Teaching Your Child to Recognize, Spell and Write Their Name

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Over the last several days I have shared a series of posts that focused on early writing skills in preschoolers. In part one I shared some activities aimed at helping to develop a child’s fine motor skills, and part two focused on pre-writing activities for your preschooler to practice the correct strokes when writing the letters of the alphabet. Today’s post focuses on activities that will help your preschooler learn something that every beginning writer cannot wait to learn –  how to recognize, spell and write their name.

learning-to-write

Kids can learn to recognize their names at an early age, usually around 3 years, so it’s only natural that as they learn to recognize and write the letters of the alphabet, the next thing they want to learn is how to read and write their name. In many cases their name is actually the very first word they learn to read and write.

If your child is ready, then the following activities are a great way to help him practice recognizing, spelling and eventually writing the letters that form his name. Always make sure your are teaching your child to “read” and write from left to right, and to use a capital letter for the first letter in their name followed by lowercase letters.

Activities for Recognizing Their Name

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Photo courtesy Shardayyy via Flickr

Help your children learn to recognize their names using these activities. Also, put their name up everywhere you can think of. The more they see it the easier it becomes for them to recognize it!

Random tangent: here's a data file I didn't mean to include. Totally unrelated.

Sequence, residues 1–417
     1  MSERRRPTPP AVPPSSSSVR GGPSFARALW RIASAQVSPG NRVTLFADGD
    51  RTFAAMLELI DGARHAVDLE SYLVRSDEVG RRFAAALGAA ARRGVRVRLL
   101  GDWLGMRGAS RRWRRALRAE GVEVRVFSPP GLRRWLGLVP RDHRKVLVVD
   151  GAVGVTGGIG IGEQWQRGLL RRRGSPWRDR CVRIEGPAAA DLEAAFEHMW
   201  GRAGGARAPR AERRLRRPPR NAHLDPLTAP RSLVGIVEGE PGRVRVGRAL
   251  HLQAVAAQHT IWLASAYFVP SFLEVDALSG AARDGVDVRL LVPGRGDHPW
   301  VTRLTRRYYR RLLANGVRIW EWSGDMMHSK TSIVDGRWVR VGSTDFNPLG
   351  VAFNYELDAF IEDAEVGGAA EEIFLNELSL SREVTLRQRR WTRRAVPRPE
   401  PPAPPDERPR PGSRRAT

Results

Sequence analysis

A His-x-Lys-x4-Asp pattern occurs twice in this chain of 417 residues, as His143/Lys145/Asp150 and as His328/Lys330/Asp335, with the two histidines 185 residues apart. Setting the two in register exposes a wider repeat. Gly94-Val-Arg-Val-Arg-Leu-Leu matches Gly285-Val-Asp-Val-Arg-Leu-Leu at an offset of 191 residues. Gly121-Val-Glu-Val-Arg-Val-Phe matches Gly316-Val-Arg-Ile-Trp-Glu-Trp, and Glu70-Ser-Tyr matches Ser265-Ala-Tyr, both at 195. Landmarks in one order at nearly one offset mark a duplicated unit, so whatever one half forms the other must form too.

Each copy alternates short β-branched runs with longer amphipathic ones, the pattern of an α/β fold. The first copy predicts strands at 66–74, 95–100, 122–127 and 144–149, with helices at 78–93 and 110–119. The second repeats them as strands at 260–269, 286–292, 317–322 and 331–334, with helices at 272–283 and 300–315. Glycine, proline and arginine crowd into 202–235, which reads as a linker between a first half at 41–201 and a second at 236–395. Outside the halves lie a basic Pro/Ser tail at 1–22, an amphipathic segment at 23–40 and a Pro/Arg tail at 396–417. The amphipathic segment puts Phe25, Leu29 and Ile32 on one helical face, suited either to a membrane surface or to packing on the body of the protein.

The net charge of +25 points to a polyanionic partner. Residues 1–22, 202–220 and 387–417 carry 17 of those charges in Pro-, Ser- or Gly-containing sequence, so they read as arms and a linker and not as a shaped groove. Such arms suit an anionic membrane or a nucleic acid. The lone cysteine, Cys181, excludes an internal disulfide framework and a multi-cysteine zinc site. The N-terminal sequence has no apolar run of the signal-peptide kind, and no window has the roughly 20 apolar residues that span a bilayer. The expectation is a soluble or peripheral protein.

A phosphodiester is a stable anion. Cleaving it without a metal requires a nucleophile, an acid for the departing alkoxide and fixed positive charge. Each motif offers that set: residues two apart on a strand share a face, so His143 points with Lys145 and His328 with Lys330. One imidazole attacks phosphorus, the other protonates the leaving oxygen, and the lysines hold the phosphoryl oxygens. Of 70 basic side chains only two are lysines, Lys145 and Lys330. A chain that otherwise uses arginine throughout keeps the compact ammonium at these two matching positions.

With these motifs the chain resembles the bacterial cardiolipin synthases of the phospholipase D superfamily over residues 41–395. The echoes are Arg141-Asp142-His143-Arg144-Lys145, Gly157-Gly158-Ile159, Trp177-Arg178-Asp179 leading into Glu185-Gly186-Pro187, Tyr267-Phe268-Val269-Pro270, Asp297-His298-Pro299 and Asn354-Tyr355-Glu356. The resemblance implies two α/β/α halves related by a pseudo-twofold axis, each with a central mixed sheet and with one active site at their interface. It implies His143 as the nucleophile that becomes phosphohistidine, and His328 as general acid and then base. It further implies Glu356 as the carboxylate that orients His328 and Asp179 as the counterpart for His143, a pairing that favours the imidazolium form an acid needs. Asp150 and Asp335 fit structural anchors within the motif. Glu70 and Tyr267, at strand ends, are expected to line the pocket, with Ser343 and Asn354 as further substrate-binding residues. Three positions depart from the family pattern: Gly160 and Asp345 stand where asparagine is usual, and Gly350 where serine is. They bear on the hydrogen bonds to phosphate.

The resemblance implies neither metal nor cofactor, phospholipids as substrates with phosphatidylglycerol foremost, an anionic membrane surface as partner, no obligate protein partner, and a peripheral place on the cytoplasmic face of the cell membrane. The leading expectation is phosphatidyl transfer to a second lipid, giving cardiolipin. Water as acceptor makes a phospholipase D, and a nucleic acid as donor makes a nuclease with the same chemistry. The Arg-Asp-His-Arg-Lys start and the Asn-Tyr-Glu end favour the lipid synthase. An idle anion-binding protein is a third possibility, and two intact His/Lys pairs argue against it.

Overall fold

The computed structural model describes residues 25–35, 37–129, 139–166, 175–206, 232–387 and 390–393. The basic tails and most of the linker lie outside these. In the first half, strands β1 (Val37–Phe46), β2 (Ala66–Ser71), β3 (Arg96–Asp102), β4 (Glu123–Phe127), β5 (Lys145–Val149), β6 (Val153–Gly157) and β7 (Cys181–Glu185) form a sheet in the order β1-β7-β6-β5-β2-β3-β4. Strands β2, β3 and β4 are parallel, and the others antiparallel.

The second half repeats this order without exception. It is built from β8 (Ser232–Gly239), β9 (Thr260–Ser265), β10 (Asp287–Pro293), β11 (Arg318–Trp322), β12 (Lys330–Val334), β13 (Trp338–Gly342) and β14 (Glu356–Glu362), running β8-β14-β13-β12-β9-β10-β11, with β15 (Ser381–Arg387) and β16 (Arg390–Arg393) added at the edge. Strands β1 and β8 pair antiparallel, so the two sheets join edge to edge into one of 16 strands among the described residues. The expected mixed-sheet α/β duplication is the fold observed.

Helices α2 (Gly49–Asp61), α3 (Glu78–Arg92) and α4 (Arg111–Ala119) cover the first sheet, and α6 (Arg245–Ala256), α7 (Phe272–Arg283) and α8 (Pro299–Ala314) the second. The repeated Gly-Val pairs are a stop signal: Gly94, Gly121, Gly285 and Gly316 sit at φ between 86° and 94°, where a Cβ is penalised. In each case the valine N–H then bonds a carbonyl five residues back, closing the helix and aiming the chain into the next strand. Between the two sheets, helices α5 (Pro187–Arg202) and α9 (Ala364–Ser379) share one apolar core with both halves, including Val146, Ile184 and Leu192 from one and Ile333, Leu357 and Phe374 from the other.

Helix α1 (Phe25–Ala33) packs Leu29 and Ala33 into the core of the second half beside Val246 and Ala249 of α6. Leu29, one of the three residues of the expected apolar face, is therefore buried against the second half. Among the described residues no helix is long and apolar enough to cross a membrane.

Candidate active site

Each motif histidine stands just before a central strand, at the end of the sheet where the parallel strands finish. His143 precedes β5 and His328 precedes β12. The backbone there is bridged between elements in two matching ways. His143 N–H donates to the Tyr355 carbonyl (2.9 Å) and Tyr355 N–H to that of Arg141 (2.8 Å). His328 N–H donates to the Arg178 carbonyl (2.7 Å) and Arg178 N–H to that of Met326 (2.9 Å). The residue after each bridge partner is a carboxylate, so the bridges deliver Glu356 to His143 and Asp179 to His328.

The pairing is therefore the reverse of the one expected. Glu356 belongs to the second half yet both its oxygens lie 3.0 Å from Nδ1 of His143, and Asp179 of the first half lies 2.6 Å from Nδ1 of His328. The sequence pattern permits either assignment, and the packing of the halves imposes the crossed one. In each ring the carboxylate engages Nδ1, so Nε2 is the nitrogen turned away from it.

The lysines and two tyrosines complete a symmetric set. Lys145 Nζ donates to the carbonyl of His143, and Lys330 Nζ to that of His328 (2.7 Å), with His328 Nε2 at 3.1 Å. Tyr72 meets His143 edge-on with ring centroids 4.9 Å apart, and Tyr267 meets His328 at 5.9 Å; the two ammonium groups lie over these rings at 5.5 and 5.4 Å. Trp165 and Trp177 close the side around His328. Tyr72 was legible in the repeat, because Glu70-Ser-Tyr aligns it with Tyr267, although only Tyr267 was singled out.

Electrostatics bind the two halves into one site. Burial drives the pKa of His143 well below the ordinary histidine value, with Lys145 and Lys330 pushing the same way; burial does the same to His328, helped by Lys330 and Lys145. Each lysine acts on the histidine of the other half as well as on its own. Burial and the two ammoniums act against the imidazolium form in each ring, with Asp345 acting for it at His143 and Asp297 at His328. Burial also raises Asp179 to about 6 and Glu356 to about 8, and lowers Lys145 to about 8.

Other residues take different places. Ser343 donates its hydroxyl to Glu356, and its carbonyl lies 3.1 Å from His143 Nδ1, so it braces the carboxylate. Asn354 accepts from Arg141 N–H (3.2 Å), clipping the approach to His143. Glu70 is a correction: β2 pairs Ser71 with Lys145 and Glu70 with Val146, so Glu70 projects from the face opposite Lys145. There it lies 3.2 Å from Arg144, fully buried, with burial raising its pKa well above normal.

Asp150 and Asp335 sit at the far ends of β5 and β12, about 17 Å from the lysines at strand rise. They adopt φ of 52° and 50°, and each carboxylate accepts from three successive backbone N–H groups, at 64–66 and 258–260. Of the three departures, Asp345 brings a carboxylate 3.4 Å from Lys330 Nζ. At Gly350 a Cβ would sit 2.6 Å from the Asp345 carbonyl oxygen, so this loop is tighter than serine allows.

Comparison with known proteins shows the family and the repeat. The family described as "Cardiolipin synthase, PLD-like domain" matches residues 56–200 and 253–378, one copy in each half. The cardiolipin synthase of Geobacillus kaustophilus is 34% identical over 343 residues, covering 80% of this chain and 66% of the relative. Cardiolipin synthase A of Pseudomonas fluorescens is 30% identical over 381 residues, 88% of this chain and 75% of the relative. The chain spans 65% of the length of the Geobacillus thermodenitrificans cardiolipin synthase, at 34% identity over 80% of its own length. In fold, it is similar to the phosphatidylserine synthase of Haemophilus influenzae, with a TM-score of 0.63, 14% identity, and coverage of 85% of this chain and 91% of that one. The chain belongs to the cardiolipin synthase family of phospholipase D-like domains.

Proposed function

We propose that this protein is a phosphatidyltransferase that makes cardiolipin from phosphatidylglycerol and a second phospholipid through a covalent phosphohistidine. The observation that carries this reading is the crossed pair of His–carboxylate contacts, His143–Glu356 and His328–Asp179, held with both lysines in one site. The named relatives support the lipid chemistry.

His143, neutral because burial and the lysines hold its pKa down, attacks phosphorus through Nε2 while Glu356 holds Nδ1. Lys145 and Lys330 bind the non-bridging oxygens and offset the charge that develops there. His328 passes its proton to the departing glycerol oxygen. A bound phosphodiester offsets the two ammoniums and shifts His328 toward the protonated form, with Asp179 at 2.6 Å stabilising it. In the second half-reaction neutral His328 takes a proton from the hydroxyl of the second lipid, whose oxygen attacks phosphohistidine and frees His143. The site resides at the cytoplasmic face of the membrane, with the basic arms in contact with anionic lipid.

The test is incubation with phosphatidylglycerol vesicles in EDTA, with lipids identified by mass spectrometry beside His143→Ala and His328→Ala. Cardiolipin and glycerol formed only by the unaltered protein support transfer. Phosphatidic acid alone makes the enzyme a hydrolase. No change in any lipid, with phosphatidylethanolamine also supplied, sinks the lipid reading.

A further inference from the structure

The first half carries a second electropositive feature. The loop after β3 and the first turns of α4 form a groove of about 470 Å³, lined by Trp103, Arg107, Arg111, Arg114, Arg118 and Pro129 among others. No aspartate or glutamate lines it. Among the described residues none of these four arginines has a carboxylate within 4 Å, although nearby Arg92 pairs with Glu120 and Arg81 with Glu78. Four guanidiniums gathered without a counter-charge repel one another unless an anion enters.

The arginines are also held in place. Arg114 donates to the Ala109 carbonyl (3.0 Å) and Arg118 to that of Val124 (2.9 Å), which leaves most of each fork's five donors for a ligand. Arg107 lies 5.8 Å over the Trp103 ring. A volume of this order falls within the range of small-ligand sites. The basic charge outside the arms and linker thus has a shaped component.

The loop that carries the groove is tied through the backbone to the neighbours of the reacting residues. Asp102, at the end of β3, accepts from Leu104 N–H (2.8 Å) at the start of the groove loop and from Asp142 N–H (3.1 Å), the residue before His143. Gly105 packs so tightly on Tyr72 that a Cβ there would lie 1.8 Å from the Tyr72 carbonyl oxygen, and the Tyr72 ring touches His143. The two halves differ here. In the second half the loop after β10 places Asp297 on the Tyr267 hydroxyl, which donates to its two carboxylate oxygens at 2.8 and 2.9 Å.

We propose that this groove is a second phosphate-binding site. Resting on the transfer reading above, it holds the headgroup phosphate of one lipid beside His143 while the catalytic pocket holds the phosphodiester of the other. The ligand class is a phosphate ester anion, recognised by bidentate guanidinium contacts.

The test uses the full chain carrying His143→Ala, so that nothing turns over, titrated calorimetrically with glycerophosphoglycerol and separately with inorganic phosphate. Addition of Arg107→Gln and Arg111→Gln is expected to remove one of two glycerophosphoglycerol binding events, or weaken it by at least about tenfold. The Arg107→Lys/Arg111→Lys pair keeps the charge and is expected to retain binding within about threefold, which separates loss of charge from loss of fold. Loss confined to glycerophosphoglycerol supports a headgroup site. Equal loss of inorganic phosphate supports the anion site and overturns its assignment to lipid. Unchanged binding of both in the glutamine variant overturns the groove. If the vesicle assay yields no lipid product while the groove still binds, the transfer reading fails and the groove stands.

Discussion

1.  Macaroni Names

This is a fun and artsy way to help your child learn to recognize their name. Take a bottle of glue and spell out your child’s name on a piece of paper. Let him come behind you and place macaroni on the glue. Once it dries, he will see his name made with food. Be sure to hang it up where he can see it daily. *Tip – for colorful pictures, dye the macaroni with food coloring, making sure to let it completely dry before using.

2.  How Many Letters in My Name?

This simple activity is a great way to help children learn how many letters make up their name! Write out your child’s name on a piece of paper and have him practice counting the number of letters. Then go back and have him name each letter for extra practice. Next, on another piece of paper, draw however many boxes equal the number of letters in his name. Above each box write out the letter.

Let your child print each letter of his name inside the squares, using your letters above to copy. To increase difficulty, just add the boxes only and let him write the letters in his name without copying.

3.  Magic Name Writing